Happy Easter from Dining With the Saints

A Roman Easter Dinner

Roman Easter food has always had a big allure for me. It’s creative, seasonal Italian cooking at its best. Lamb, ricotta, eggs, artichokes, asparagus, shell peas, favas, and wheat all play a part in the Easter feast and Roman springtime celebrations. These are rich tastes, but their youth and greenness makes them renewing to the spirit, which is just what I want around this time of year.

Here’s a Roman dish that I absolutely love since it highlights the beauty of spring asparagus, and I can’t imagine Easter without asparagus (even though they’re not quite in season here yet, but California imports are pretty decent). Here you’re bringing together a few simple ingredients, asparagus, eggs, pecorino, guanciale, a handful of herbs, to create a very opulent dish. Since you leave the egg yolks soft they run all over the asparagus and the guanciale, creating a cheesy, eggy sauce. Really nice. I think it’s a great first course before another classic Roman Easter dish, braised lamb with fresh green peas. Here’s my recipe for that if you’d like to give it a try: http://ericademane.com/2002/05/05/agnello-alla-cacciatore/.

Easter Eggs with Asparagus, Guanciale, and Pecorino

 (Serves four as a first course)

1 large bunch of medium thick asparagus, trimmed and peeled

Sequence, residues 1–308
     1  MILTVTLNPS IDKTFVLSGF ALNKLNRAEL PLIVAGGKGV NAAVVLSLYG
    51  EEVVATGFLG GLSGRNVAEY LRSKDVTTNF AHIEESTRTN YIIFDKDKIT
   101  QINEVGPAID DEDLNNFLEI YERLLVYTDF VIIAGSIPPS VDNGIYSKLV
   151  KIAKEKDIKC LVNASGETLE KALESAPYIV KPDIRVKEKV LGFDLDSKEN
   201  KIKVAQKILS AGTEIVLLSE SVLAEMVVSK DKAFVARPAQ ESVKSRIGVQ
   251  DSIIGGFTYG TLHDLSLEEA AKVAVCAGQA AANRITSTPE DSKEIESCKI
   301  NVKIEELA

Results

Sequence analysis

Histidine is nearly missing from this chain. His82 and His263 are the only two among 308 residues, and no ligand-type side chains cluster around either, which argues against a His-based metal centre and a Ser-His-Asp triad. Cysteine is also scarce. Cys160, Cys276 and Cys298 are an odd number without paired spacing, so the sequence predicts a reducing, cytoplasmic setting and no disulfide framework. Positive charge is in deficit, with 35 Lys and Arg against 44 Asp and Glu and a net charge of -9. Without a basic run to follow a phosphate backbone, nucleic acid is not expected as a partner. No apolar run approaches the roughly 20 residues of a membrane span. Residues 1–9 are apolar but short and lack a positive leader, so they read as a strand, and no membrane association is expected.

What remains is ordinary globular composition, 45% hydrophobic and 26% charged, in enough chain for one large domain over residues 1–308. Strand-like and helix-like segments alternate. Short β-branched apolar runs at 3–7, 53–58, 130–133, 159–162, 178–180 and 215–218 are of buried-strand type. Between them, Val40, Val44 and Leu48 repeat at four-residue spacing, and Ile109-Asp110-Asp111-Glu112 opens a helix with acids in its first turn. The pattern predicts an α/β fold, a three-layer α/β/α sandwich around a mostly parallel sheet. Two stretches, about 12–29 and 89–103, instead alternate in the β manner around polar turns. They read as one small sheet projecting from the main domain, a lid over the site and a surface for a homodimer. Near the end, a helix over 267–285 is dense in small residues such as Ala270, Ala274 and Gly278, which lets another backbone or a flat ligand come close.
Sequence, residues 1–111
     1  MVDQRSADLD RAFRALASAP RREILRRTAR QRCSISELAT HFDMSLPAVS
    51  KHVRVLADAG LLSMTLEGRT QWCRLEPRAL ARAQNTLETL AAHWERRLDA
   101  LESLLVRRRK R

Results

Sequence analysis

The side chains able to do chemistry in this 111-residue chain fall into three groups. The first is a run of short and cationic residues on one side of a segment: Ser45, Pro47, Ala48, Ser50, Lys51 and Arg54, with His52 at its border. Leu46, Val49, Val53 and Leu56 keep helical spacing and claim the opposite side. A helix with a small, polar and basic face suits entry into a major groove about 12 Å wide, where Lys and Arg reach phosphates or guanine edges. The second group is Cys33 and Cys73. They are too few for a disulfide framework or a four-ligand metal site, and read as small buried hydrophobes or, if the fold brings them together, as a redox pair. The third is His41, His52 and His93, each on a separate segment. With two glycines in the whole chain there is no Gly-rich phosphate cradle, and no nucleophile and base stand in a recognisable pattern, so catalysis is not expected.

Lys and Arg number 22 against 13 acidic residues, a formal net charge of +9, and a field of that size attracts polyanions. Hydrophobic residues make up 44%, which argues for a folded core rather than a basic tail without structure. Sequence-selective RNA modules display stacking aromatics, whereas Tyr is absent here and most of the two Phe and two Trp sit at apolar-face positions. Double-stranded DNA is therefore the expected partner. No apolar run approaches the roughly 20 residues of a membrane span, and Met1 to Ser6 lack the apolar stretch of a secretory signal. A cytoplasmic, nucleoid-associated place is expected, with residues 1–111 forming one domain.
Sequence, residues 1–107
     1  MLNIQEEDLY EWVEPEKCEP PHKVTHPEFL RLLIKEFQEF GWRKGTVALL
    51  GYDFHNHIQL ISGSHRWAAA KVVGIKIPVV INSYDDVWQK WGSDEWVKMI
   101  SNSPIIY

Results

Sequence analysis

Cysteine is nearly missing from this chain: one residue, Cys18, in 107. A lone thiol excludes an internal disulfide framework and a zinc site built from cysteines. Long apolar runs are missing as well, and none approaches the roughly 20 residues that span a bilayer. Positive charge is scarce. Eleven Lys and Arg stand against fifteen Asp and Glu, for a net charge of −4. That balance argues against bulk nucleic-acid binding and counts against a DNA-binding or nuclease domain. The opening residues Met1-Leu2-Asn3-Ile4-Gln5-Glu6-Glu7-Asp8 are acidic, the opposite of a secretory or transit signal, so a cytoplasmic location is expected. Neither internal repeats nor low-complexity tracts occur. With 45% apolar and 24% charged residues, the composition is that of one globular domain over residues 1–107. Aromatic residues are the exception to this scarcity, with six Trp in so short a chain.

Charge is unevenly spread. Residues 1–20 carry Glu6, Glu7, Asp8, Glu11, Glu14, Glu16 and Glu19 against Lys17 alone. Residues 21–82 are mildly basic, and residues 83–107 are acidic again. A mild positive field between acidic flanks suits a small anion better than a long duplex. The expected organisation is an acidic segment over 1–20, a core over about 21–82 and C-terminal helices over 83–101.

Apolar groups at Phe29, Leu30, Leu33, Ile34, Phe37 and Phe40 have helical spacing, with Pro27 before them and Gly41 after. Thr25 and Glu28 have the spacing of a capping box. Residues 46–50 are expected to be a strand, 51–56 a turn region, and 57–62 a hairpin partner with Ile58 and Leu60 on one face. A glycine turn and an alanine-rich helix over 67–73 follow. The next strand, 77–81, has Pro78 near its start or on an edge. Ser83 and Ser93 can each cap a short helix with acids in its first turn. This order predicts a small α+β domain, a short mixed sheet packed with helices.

Extra virgin olive oil

1/3 cup well chopped guanciale (you can use pancetta instead)

2 garlic cloves, peeled and lightly crushed

Salt

Freshly ground black pepper

The juice from ½ a large lemon

4 extra large eggs

1/2 cup grated Pecorino Romano (get the best you can find, something that’s not overly salty)

A few chives, chopped

A few large sprigs of fresh mint, leaves left whole

Set up a pot of water and bring it to a boil. Drop in the asparagus and blanch for about 4 minutes. Drain the asparagus in a colander and then run them under cold water to stop the cooking and set their green color. Drain well.

Lay the asparagus out in a shallow baking dish.

In a large skillet heat a tablespoon of olive oil over medium heat. Add the guanciale and let it get crisp and give up its fat. Add the garlic and sauté a minute longer, just to release its flavor.

Remove the crisp guanciale bits from the skillet with a slotted spoon and scatter them over the asparagus. Discard the garlic. Season the asparagus with salt, black pepper, and the lemon juice. Reserve the guanciale cooking fat.

Poach the eggs in just simmering, lightly salted water until the whites are set but the yolks are still runny. Scoop them from the water with a slotted spoon, resting them on paper towels for a moment to blot excess water, and arrange them on the asparagus. Spoon a little of the guanciale cooking fat over the eggs (an important step for flavor) and season them with salt and black pepper.

Sprinkle on the pecorino and run the dish under a broiler until the cheese just starts to melt, about a minute or so. Garnish with the chives and the mint. Serve right away.

Dining With the Saints is a monthly column written by chef and writer Erica DeMane.

Erica DeMane.com

Image: “Resurrection” mural by Piero Della Francesca  1463 – 65

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